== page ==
Beginner Dev Guides: Webdev on a Chromebook

Ben Blais Web Developer

I was browsing around for some computer components when I came across a Chromebook that was marked down. The stats were quite good, and it seemed like (in general) a reasonably sturdy piece of hardware. "Shame it's not a real laptop." I thought to myself. Then I thought more why wasn't a Chromebook a real laptop? It seems the only answer was the operating system. Due to some changes to ChromeOS, this is no longer the case.

What follows is a step-by-step guide for how to turn a seemingly simple "internet machine" (Chromebook) into a full-fledged development environment. For brevity, I have included simple instructions on this blog. If you want a more raw, verbose account of what I went through check out the play-by-play on twitter.

The Chromebook

Asus Chromebook Flip.

Stats for this model:

Usually, this model goes for ~$600, however, this one sale for $300. You can probably get by with a much less expensive model, but I would recommend trying to get as much ram as possible within your budget.

0. Setting Up The Chromebook

For this guide, I'm going to gloss over the process of setting up ChromeOS itself and will instead focus exclusively on setting up a development environment. If you need help with this, Google has a simple guide on getting your Chromebook up and running.

I would spend a little bit of time getting familiar with ChromeOS but feel free to jump into the rest of the guide head-first if you happen to be feeling adventurous.

1. Turn on ChromeOS Linux feature

If you poked around the Play store, you probably took note of the fact that there are many apps. Unfortunately, we will need some specialized tools that cannot be found there to do our development work. The good news though is, installing these tools is relatively easy and requires only one trip to the settings page.

Under settings, in the advanced section, you will find a section called Linux (beta). Click the "Turn On" button to install it. Image of the settings panel, under a heading titled "Linux(beta)" is a button labeled "Turn On" Image of the Linux setup wizard, there are two buttons at the bottom right, the first button is blue and labeled "install." The second button is white and labeled "cancel."

Once the install has completed a notification will appear along with this terminal window. Feel free to close it. We will not need a terminal until later in this guide. Image of the ChromeOS desktop with a terminal window open, prompt reads "benblais6@penguin:~$ "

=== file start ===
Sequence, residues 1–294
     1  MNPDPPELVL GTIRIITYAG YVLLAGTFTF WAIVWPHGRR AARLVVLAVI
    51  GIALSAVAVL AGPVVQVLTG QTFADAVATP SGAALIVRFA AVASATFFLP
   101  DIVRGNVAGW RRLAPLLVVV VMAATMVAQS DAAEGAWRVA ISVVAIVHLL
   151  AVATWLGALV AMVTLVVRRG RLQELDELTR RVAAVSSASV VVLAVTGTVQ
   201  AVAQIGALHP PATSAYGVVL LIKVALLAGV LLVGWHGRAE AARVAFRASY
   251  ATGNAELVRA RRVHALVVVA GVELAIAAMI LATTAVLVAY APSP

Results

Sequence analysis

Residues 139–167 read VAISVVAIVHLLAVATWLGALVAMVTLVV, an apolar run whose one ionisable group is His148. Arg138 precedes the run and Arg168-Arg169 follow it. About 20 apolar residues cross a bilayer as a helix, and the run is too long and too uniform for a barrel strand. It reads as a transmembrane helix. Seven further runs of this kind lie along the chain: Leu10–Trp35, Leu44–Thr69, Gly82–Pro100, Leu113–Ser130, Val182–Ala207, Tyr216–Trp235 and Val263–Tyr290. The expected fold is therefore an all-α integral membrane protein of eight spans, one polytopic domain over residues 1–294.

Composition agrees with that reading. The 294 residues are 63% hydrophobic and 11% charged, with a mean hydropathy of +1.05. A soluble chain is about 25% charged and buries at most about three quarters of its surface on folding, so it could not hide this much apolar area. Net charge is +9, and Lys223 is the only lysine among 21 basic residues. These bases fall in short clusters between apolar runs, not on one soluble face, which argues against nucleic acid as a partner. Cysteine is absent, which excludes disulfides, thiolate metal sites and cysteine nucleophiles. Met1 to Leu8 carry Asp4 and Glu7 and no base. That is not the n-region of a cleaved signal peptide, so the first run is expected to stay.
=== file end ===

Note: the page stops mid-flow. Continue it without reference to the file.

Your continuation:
Now we are ready to move on to the next part: installing and editor.

2. Installing the Editor (VSCode)

VSCode is the text editor of choice for myself, and many other developers let's install that next.

We begin by downloading the .deb version of VSCode from You will want to download the "deb" option. Image of the VSCode download page, there are two green buttons, top one says .deb bottom one says .rpm'

When prompted for where to save, make sure to select the "Linux Files" section in the explorer. Image of the chrome file explorer, contains the section "Linux files" which is prefixed by a penguin icon.

Once the download has finished, go to its location in the file explorer. Once there you can alt-click it and select the "Install with Linux (Beta)" option, this will install VSCode as a Linux app. Image of Chrome file explorer, contains context menu for VSCode Debian file, the first item is "Install with Linux (Beta)"

Once the install is complete, you can launch this just like a ChromeOS app. Image of ChromeOS app search, One of the apps is the Visual Studio Code. Image of Visual studio code editor

Next, let's get Node and NPM installed so we can write some JavaScript.

3. Installing Node and NPM

Remember how I said we would be using the terminal later in this guide? Go ahead and open the terminal now.

If this is your first time using the command line, don't worry, most of this is copy/paste.

Note: the default terminal on ChromeOS has paste bound to the CTRL+SHIFT+v

First, we need to be able to resolve the NodeJS package. Enter the following command into your terminal

~$ curl -sL | sudo -E bash -

You can replace '12' with whatever is the latest version of NodeJS. (check at

This command will output lots of text. Next, install NodeJS

~$ sudo apt-get install -y nodejs

More text will be displayed. Next, make sure NodeJS got installed properly by running it with the version flag.

~$ node -v

The same will work with NPM:

~$ npm -v

After running this command, a version will display on the next line. Congrats! You have installed node on your Chromebook.

5. Setting up Git

Fortunately, Linux on your Chromebook has git installed already.

~$ git --version
git version 2.11.0

If for some reason it's not there, or you uninstalled it by accident while exploring, no sweat, you can easily reinstall it again.

~$ sudo apt-get install git

That's it

Congratulations, you have now set up your development environment on a Chromebook. That's it for this guide. If you need help finding a project to get started on I, recommend checking out create-react-app getting started, Vuejs's getting started guid, or any of the other tutorials out there.